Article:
Mostly, the message I took back with me after seeing the operation in action was that there is tremendous potential in the shark dive at Pacific Harbour, for both photographers and shark enthusiasts alike. Shark feeding is a controvertial issue, and I don't want to get into that debate here on my site, but because there is almost no way to get close to a shark without bait in the water, I'd gladly support a feed in exchange for a close encounter that may help people around me think about their endangered existence.
We were told that Gary Atkinson had been in town for the two weeks prior to our arrival, and that they had tagged a few of the large bulls with satellite tags to see where they go (for research purposes, and to support an effort to get their entire migratory route protected from fishing). Interestingly, as of our time at Pacific Harbour, the sharks that were tagged had not shown up at the feed since being tagged.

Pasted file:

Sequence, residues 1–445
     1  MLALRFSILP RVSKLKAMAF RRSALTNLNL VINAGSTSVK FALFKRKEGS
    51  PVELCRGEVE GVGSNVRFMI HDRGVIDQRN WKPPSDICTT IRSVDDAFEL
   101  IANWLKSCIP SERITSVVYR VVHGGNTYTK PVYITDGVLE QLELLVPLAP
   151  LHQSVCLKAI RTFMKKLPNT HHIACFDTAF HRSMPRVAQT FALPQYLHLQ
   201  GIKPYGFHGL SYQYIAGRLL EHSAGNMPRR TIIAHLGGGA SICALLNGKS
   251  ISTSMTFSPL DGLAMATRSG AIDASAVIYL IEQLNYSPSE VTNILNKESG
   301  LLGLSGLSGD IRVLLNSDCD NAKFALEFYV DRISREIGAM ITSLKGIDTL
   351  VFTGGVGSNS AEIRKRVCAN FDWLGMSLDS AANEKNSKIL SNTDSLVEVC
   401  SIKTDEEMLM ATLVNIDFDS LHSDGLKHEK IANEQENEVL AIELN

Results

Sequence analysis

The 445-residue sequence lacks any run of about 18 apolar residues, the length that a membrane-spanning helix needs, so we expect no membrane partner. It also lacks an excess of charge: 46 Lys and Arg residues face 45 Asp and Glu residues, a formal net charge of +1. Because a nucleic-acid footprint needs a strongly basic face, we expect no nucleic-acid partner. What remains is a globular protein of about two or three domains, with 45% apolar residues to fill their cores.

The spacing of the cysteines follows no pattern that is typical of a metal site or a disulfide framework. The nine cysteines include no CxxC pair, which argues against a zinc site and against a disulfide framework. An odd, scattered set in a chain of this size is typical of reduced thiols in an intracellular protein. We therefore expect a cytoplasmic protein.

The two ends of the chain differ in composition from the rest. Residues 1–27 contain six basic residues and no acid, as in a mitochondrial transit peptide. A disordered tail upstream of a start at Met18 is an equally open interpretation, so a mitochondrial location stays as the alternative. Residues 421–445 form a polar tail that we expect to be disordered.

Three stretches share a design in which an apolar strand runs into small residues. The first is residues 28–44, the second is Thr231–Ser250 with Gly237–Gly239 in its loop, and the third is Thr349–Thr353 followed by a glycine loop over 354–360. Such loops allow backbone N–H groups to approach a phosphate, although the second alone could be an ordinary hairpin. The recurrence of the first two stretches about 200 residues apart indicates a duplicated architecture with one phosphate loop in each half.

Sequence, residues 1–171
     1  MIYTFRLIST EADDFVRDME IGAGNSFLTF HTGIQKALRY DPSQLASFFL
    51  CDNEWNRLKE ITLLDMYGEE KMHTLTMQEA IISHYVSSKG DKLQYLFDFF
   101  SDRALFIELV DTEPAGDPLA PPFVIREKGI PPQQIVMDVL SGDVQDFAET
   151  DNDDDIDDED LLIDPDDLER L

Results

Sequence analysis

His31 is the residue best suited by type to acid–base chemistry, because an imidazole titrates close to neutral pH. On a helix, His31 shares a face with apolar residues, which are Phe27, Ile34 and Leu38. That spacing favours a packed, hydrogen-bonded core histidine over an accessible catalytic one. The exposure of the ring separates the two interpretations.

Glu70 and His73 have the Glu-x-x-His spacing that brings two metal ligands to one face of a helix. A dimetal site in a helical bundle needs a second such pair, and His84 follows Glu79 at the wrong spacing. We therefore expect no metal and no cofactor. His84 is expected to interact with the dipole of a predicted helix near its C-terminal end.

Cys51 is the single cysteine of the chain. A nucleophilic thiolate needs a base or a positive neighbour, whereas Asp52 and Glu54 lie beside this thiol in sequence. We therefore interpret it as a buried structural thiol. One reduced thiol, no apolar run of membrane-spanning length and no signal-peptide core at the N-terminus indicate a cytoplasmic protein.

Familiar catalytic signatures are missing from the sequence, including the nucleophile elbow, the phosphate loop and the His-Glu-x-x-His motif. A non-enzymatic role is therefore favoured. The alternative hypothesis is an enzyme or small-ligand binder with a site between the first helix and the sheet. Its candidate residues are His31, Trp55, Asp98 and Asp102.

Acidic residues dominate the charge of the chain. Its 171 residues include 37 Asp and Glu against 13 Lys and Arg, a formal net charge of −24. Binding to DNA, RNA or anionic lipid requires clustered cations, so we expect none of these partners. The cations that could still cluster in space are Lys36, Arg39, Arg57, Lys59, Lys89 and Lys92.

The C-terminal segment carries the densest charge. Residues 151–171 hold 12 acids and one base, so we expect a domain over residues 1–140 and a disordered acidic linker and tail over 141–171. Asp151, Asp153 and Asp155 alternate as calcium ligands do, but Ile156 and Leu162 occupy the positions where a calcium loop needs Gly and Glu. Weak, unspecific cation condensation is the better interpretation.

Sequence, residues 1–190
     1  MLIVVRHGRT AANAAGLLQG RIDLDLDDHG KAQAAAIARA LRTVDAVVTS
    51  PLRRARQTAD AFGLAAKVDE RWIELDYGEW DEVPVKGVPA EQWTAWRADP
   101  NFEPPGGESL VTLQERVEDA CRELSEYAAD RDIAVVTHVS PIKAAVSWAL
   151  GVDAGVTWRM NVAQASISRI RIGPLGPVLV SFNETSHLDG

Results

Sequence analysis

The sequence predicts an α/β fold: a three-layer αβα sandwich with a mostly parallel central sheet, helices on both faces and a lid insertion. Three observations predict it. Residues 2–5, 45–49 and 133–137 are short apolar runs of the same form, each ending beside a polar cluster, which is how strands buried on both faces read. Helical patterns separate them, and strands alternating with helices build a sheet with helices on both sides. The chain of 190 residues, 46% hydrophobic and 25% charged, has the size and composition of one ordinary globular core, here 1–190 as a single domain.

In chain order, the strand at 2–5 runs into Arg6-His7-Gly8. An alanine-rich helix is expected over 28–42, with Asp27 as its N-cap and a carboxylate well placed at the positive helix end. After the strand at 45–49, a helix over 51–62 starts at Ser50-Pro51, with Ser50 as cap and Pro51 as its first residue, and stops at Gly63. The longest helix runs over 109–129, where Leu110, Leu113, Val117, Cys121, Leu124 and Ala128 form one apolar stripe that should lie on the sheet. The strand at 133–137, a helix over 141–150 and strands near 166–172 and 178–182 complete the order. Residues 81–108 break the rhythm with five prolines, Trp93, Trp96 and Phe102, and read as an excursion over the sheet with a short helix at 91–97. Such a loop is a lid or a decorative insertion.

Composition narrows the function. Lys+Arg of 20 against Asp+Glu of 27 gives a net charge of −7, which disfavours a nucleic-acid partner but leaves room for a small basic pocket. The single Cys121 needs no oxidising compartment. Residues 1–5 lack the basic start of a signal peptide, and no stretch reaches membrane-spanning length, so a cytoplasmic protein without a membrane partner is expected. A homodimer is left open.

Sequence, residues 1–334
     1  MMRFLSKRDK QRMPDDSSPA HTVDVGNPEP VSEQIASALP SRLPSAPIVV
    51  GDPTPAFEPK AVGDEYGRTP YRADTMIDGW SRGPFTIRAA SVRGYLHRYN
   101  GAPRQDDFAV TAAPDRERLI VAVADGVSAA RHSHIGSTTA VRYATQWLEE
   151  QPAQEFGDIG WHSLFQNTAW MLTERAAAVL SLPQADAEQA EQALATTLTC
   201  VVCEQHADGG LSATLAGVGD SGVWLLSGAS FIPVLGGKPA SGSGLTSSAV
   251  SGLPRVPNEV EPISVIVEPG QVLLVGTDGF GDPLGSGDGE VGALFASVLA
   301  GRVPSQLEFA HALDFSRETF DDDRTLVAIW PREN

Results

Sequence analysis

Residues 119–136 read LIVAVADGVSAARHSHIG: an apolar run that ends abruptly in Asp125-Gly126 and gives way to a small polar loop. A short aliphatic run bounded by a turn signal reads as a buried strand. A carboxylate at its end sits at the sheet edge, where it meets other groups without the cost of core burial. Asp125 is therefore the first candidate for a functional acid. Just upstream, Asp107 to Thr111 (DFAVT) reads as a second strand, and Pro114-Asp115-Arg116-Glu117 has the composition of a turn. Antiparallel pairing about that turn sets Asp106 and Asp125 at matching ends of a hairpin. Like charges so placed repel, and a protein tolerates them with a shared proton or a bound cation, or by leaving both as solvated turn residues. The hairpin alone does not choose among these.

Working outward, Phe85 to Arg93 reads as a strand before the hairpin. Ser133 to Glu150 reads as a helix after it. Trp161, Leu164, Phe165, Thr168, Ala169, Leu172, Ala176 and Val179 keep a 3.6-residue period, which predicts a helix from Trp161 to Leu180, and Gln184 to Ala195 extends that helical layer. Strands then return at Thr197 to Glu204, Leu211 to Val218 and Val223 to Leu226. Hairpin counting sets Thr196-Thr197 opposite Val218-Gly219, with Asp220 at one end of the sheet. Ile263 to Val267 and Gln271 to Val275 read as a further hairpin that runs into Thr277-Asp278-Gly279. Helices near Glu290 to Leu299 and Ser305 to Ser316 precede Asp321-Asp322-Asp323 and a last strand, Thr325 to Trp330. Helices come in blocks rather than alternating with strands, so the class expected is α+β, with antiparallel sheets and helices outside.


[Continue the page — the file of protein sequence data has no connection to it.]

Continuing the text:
At dinner this evening, we sat down with some folk from Maui and from another resort down the road. The hotel staff sat us down at a long table, and had all of the males present stand up and move two chairs to the left between each of the three courses. As a result, we were able to meet everyone at the table. It was a nice twist to end the evening with.